Businesses Brace For Arrigoni Construction

Officials confident that bridge reconstruction won't stifle spending at local establishments.

Editor's Note: This is the third installment of a three-day series detailing the Arrigoni Bridge construction project and the impact it will have on the lives of Middlesex County residents, commuters and businesses. Patch will continue to cover the project as it moves along its 18-month timeline toward an expected completion date in November of 2012.

Portland First Selectwoman Susan Bransfield sees a potential business upside to the Arrigoni Bridge reconstruction work that kicked off this week.

Perhaps, she mused, commuters on the east side of the bridge will seek to avoid anticipated traffic delays on the Arrigoni and they’ll opt to frequent businesses on Portland’s side of the river.

“It may actually help some of our businesses,” Bransfield said. “If residents don’t use the bridge they can go to local businesses, such as Rite Aid or Tri Town (Foods). So in that respect, it could be helpful.”

That’s not exactly the kind of outcome Middletown business leaders are looking for during the bridge work.

At the Middlesex County Chamber of Commerce, officials have sought to allay concerns among local business owners that the 18-month bridge work -- and its anticipated traffic gridlock -- will hurt local businesses.

One of the main ways the chamber has sought to do that is by communicating directly and frequently with local business owners about the bridge work and with state officials, said Johanna Bond, events director for the chamber.

The chamber even created an Arrigoni Bridge subcommittee to act as a liaison with local businesses and the state’s Department of Transportation, which is overseeing the project.

“The primary goal of this group is to create a communication link between the DOT, the contractor and member businesses,” she said. “One of the biggest things we’ve been projecting is that it’s coming and there’s nothing we can do about it. But we’d rather have the bridge fixed than not fixed.”

Still, Bond said, there’s only so much the chamber can do about what are expected to be significant traffic snarls in the city’s North End during peak commuter times. Local business owners on both sides of the river are worried that those traffic delays will mean potential customers could avoid the area altogether.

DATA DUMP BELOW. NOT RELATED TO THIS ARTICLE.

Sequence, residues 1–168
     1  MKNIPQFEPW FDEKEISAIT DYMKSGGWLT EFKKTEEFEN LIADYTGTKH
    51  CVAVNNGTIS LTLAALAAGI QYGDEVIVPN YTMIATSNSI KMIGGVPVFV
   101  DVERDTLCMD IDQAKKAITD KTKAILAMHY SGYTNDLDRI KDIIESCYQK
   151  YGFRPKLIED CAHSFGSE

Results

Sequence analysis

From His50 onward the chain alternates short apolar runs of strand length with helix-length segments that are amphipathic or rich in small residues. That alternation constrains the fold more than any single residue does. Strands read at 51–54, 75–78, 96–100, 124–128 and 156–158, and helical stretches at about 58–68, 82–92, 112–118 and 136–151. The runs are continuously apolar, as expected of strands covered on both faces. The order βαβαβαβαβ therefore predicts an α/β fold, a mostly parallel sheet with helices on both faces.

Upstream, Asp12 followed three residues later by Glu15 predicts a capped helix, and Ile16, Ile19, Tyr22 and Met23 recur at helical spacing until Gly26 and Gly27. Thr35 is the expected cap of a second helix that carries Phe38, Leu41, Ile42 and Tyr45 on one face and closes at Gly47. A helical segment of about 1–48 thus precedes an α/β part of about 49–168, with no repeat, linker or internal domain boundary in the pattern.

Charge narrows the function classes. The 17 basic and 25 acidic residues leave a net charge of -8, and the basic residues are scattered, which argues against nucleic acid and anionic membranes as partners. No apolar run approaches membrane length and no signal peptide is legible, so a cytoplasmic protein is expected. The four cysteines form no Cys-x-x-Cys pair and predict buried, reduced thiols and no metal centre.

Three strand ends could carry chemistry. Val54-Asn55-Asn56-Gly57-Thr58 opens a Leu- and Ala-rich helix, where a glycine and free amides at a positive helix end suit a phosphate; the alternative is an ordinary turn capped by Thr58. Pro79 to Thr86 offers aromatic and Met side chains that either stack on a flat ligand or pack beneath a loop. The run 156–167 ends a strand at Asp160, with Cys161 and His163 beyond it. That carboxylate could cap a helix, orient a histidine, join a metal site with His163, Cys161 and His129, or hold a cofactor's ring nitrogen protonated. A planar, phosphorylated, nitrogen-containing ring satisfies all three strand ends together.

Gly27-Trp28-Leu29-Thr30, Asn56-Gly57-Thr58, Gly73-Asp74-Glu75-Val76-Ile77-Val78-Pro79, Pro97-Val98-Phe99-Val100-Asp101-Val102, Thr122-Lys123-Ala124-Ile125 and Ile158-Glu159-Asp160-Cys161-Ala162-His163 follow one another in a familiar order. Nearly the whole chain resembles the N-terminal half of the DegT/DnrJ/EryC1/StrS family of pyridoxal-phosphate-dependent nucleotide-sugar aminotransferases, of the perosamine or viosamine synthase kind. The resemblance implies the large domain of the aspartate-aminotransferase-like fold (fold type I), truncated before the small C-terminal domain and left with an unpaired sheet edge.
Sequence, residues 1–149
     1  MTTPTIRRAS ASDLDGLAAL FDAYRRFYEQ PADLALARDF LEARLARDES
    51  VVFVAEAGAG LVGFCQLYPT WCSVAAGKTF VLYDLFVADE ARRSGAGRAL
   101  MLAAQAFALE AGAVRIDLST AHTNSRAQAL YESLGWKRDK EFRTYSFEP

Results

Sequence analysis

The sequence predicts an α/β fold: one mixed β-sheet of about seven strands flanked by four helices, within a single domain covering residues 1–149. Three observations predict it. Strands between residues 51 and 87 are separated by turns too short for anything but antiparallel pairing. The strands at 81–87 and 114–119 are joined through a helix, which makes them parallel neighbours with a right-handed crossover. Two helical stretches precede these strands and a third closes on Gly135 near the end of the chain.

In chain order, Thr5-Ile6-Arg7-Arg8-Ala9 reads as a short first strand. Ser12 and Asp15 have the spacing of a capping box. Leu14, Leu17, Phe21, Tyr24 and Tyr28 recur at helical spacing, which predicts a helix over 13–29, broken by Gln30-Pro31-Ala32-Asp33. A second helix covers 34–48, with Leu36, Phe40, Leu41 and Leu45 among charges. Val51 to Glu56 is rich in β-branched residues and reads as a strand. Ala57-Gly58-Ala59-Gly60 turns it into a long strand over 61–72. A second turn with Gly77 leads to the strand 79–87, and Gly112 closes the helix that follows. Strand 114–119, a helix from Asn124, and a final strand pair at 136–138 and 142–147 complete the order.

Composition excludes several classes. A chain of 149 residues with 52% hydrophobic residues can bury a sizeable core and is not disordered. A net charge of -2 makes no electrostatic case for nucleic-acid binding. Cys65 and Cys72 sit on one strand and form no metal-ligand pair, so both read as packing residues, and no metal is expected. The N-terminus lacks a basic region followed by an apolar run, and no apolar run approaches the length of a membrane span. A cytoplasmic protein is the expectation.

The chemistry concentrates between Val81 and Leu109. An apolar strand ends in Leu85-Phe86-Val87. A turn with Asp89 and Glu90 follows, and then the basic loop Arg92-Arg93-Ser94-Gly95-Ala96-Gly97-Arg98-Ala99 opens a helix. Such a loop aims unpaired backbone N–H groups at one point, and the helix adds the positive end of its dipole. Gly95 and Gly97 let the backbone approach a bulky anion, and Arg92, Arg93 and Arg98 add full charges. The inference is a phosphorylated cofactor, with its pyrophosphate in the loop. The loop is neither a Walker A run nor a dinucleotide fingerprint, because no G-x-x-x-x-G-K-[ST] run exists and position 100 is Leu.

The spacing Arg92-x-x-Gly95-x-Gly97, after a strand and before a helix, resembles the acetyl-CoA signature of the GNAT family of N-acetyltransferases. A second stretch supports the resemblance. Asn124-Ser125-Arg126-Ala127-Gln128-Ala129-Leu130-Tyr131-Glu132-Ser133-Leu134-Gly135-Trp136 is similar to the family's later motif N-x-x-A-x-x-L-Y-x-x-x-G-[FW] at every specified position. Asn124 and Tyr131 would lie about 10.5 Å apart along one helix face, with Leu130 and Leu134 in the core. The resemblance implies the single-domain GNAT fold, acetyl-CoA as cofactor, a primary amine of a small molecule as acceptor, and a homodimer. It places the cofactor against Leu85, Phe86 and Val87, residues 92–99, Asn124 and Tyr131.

“It’s going to impact businesses, but it’s got to be done,” Bond said. “In terms of mitigating the impact, there’s not much we can do with that. There’s going to be gridlock, but we’re going to do the best we can. We’re 100 percent supporting the businesses, but there’s only so many places these cars can go. It’s going to be a wait-and-see situation. It’s going to be a work in progress.”

Eric Smith, interim director of Middletown’s Downtown Business District, said his agency also is keeping in close contact with business owners to help them through the project. But like Bond, he said there’s not a lot his agency can do about traffic gridlock.

“I think more toward the North End it will be a greater impact because of the intersection there,” Smith said. “At least at the southern end you have greater access from Route 9. But still, it’s going to impact all the businesses.”

The key to making the situation bearable, Bond said, is to keep in constant contact with local businesses and those overseeing the roadwork.

Toward that end, local lawmakers have vowed to meet regularly with the DOT and with local business and community leaders. On Monday, state Sen. Eileen M. Daily, D-Westbrook, and Rep. Christie Carpino, R-Cromwell, held a press conference about the project and assured local business owners that they will do all they can, including meeting biweekly with the DOT, to make sure that all that can be done to mitigate traffic problems will be done.

“We want to make sure that every need and every business is taken care of,” Daily said.

Attending the press conference was Brian O’Connor, director of the Middlesex chamber. The impacts from the project represent a delicate balancing act for local businesses, he said. On the one hand, they don’t want to see too many commuters clogging downtown streets. But on the other hand, they don’t want to scare away potential customers with traffic-gridlock horror stories.

“We have to let people know businesses are open downtown. I think that’s the most important thing,” he said.

The message his group wants to send to those who might seek to avoid the area during the project is to perhaps find alternative routes over the Connecticut River during peak traffic times, “but come here off-peak and on the weekends.”

On her side of the river, Bransfield said officials will have two traffic officers working near the Arrigoni each day to try to ease the gridlock.

In addition, the state has installed “Business Open” signs in front of businesses near the bridge. Those businesses, such as Dunkin’ Donuts, are also impacted by a sidewalk-replacement project that the state has undertaken along the highway as it approaches the Arrigoni.

“We’re managing traffic best we can and putting signs up letting people know that businesses are open,” Bransfield said. “We’re hoping everyone will be cooperative and know that for their travel safety, this bridge project must be completed.”

Jeb Nocmather June 30, 2011 at 02:12 PM
The town of Portland needs to make the light at the intersection of Main St and Rt 66 a little bit longer for the people of Portland. The light on Rt 66 side lets twice as many cars through as the light on the Main St side. This morning only 3 cars in both lanes made it through. By doing this they are forcing the people who live at the lower end of Main St to take Rt 66 causing further congestion there. Half a minute more isn't going to kill anyone, just make life a little easier for the people who live in this town.


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